I Hate My Job!
In a recent careerbuilder.com survey, three-out-of-four workers revealed they are not working in their dream jobs. This finding is no surprise since we acquire our careers and jobs haphazardly. Having advised over 700 individuals, I’ve found that most of them have backed into what they do.
I have discovered that people most frequently prepare for or seek out jobs based upon aptitude, status, money, others’ expectations, or employment opportunities. These approaches often lead to job dissatisfaction.
“The subject came easy to me. I was good at it so I studied it. Now I’m two courses and a dissertation away from a Ph.D. and I have no interest in pursuing the degree or a career in the field.”
Unfortunately, I’ve heard this scenario more than once. It’s an expensive way to discover that just because you are good at something doesn’t mean that you should do it.
My nephew told me, “I keep getting jobs where I’m dealing with conflict resolution. I’m good at, but I hate doing it.”I told him, “Same thing used to happen to me, but I got away from it.”
“How?” he asked.
“I stopped telling people that I was good at it.”
The classic example is the individual who is good at math, studies the subject then looks at career options and becomes either a discontented accountant or engineer.
Others define themselves through their jobs. They seek recognition and status through their jobs. They replace job satisfaction with job status.
I had a client who bemoaned having to turn down a promotion in order to relocate back to his wife’s hometown when they were about to have their first child. His attitude threatened his marriage as well as his career.
It turned out that he wanted the promotion to a large extent because he had become bored with his present responsibilities. He accepted another position within the company and no longer insisted upon climbing the career ladder out of frustration with his job.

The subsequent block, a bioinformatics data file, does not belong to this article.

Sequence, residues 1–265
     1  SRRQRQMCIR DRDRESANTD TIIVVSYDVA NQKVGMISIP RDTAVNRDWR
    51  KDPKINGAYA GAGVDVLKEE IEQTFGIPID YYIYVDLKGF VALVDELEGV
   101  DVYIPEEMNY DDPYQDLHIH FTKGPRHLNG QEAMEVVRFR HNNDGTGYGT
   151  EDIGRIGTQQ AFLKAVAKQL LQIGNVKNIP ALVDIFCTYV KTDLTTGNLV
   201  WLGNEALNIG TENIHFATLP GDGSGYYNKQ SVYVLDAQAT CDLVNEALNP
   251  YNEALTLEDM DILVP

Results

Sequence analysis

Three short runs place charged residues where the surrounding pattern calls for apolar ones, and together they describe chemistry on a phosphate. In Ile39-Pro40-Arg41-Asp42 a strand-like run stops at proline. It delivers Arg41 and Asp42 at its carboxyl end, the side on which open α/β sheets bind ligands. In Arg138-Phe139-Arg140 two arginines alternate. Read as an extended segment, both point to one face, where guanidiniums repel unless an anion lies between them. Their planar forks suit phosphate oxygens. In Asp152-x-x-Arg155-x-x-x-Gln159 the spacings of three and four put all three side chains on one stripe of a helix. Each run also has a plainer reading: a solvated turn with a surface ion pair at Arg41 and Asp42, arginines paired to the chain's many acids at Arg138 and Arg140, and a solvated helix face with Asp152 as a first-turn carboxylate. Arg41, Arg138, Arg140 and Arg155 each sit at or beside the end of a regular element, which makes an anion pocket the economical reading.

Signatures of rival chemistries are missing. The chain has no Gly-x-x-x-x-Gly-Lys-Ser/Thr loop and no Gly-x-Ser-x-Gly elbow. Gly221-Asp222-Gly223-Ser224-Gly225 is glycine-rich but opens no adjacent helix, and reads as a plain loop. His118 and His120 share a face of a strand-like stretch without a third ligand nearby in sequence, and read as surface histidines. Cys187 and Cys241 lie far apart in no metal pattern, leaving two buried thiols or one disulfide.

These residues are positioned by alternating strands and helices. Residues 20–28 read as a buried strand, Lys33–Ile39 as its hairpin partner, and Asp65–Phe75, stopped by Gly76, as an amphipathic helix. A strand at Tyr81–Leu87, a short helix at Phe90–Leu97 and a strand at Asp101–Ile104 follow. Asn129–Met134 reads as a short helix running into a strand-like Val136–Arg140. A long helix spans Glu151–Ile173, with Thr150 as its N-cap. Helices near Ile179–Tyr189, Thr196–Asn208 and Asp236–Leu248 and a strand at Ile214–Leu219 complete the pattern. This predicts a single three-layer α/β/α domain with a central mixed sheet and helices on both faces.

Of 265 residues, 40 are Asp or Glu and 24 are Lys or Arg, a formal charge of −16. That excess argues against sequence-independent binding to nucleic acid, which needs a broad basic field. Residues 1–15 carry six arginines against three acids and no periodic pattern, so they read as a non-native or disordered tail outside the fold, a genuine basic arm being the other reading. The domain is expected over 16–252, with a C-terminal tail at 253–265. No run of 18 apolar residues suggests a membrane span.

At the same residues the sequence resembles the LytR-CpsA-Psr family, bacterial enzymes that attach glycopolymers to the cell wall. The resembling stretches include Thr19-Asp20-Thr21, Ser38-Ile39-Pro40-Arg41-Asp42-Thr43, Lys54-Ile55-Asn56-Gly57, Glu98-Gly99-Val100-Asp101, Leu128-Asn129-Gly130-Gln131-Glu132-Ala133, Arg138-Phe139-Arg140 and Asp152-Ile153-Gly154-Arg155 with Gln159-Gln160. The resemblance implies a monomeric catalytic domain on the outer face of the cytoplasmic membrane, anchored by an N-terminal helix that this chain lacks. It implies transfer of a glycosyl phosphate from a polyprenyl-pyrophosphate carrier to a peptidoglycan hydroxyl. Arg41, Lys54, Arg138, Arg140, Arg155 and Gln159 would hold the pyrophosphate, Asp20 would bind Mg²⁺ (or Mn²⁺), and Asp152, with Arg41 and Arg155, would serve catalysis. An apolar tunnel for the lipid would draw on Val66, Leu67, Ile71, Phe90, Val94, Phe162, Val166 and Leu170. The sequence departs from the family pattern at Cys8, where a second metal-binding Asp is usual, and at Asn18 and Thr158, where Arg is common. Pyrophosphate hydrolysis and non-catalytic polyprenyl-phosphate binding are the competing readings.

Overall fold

Where can I make the most money?
This is a question I often hear. Unfortunately, I usually hear this from individuals who are doing something that they no longer want to do. They want to retire from what they are doing or start their own business or get out of their own business, but still maximize their income.
It is an attainable goal that can best be achieved if they were to ask, “Where can I make the most money doing what I want to do?"
When a client is obviously unsuited for and discontented with his/her current occupation, I ask, “Why did you choose this field.” I generally expect the answer that follows.
“My father (mother) expected me to become _______.” The position is usually a high status, high paying occupation requiring extended education.
I used to give a presentation entitled, Hot Jobs: What’s Hot and What’s Not. During the presentation, I would provide the caveat that one should not look to the market first to determine what job to seek but to oneself. I didn’t receive questions about self-introspection, but inevitably I would be asked, “What can I make the most money at and where can I find it?”
These approaches secure people jobs, but they usually turn out to be jobs that one survives in but doesn’t thrive in.
“So mister there is a better way?” you ask.
Yes, I think so. Follow this simple formula: heart to head to marketplace. With this approach you determine what you like, then what you are good at doing, and finally what and where the opportunities to do these things are.